Case Study Summary: An Introduction To Hotel Economics And Services

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2 RESEARCH STUDY 2.1 INTRODUCTION TO HOTEL ECONOMICS AND SERVICES The economics of a profitable hotel venture is a significant concept of which the architect should be extremely conscious and aware of during every phase of the planning stage. The cost to operate a hotel may not be known to an architect, but he should possess knowledge about every facet of hotel design and its functioning and develop the plans accordingly to achieve maximum profits through its operation. Some of these factors include the hours spent by hotel staff such as maids, porters, housekeepers, cooks, chefs, bellmen, receptionists, banquet manages, executive staff, etc. (Joseph De Chiara and Michael Crosbie, 2001) The economics of a hotel depends majorly on its back of…show more content…
A well-planned back of the house will have circulation patterns that will have the capacity to provide utmost control over the efficient functioning of the hotel. Probably a neglected yet an important aspect of the control area is the movement of garbage out of the hotel to a point where it will be picked up by garbage trucks, i.e.; waste management and disposal. A proficient and productive waste management system helps a great deal in achieving the level of cleanliness required in a five star hotel. Where garbage is shipped out, it is wise to have the garbage rooms so placed (and, incidentally, refrigerated) that the receiving office has this space in full view to discourage an outside accomplice or an employee who is leaving the hotel from entering the garbage room to filch what was placed there previously by someone in the kitchen or the supply areas. (Joseph De Chiara and Michael Crosbie,…show more content…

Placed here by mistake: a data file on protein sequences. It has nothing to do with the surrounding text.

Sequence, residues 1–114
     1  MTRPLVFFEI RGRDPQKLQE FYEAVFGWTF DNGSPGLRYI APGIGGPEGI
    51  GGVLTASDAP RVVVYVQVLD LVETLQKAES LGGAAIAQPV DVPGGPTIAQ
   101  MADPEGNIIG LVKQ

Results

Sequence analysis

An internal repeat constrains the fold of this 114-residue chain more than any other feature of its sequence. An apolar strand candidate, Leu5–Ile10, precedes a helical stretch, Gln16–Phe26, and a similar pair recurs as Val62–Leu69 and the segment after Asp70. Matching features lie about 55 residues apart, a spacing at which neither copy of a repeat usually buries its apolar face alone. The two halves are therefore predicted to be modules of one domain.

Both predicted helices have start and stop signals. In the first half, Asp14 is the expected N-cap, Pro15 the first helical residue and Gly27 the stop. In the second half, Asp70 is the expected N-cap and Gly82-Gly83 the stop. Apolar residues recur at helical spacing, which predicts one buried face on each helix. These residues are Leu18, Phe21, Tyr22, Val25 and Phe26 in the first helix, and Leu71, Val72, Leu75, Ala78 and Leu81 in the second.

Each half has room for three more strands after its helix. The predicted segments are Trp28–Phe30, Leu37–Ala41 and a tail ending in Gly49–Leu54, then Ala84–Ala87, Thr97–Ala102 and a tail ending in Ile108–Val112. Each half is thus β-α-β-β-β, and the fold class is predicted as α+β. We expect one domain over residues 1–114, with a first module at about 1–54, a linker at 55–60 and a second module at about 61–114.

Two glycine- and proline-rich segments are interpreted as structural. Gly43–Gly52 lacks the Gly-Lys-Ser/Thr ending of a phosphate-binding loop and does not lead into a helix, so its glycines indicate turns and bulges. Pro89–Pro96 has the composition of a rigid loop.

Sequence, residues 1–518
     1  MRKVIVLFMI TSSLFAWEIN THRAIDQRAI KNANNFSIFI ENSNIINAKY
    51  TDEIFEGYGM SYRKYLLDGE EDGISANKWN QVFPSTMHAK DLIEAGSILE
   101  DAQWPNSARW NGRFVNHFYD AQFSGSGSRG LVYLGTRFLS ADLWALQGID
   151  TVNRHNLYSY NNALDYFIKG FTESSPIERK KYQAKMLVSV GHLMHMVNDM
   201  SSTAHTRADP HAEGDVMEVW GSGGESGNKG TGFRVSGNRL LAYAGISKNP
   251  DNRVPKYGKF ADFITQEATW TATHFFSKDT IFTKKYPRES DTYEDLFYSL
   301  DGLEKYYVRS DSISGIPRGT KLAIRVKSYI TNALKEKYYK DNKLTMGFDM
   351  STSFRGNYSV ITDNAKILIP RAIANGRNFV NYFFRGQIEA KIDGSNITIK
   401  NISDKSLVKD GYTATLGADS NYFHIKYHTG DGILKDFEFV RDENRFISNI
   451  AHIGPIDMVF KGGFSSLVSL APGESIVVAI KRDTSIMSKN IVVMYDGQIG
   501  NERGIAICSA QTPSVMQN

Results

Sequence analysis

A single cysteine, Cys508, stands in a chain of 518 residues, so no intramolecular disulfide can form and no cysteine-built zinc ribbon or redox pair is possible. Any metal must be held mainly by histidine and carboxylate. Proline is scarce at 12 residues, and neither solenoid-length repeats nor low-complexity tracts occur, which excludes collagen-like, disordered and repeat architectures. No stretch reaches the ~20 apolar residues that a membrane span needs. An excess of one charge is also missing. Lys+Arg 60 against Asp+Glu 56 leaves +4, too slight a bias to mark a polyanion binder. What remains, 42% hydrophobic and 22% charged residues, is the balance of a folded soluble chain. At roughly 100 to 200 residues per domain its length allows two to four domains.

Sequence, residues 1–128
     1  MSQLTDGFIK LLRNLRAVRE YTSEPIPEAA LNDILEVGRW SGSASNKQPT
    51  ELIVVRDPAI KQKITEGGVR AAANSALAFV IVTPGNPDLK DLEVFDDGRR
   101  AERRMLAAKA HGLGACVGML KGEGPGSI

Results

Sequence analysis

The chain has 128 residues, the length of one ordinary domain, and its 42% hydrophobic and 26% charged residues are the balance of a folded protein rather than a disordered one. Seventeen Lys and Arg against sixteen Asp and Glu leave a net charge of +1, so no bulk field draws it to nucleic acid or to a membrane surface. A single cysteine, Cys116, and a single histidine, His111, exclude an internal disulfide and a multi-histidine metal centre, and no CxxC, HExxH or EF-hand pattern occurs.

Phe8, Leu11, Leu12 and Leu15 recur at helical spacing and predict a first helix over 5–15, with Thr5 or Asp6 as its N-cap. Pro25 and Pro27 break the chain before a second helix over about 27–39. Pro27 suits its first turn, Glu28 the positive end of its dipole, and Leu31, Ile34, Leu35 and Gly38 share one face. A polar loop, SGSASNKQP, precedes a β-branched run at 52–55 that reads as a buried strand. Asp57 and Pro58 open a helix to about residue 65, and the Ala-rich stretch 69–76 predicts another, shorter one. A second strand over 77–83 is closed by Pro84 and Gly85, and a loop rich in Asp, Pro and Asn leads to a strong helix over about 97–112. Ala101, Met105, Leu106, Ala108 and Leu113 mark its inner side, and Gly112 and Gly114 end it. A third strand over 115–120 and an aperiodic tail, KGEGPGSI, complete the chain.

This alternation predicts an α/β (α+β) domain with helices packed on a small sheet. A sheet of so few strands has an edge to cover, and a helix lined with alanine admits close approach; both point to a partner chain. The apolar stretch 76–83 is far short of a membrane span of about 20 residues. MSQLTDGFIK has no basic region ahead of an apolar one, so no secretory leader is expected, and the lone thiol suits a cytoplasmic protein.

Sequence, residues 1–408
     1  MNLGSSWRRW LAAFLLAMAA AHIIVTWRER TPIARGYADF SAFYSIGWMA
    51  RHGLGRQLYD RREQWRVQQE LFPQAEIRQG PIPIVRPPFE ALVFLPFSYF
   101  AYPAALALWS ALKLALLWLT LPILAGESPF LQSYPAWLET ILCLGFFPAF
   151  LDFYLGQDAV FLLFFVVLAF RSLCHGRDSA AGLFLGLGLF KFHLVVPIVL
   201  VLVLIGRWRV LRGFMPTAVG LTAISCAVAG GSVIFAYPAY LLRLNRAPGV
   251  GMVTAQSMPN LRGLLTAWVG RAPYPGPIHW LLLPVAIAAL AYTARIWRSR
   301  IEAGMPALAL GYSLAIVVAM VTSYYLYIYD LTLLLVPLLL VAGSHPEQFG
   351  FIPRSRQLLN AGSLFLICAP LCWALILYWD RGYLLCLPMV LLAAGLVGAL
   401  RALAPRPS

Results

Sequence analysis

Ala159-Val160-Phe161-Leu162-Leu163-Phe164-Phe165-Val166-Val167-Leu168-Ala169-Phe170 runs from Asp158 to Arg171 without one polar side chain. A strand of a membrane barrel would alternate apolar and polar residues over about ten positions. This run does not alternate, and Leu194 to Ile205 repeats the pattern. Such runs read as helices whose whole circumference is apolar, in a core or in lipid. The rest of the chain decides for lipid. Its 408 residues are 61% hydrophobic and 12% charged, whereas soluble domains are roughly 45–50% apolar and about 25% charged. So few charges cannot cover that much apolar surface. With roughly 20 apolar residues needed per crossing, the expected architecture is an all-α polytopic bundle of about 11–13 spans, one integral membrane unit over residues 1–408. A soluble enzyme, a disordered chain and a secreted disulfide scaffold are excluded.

If there is no laundry room at all or only a small laundry which handles towels only, the hotels may avail the city laundry service. A good sized space for dryers, washers, ironers and other machineries if the hotel laundry does its own uniforms and flatworks (sheets, pillowcases, linens). A separate department for dry cleaning and pressing of woolens and similar garments is maintained by the hotel. They are under the supervision of the laundry manager. The location of such cleaning and valet services is generally close to or part of the laundry area. In some hotels, no iron linens are used which eliminates the need of large ironers. It may be that, in the not-too-distant future, experiments with disposable sheets, pillowcases, and uniforms will do away with laundry services in hotels. Presently, the disposable types that have been produced are still not of sufficient strength and durability for hotel use, although the future may produce exactly that. (Joseph De Chiara and Michael Crosbie,

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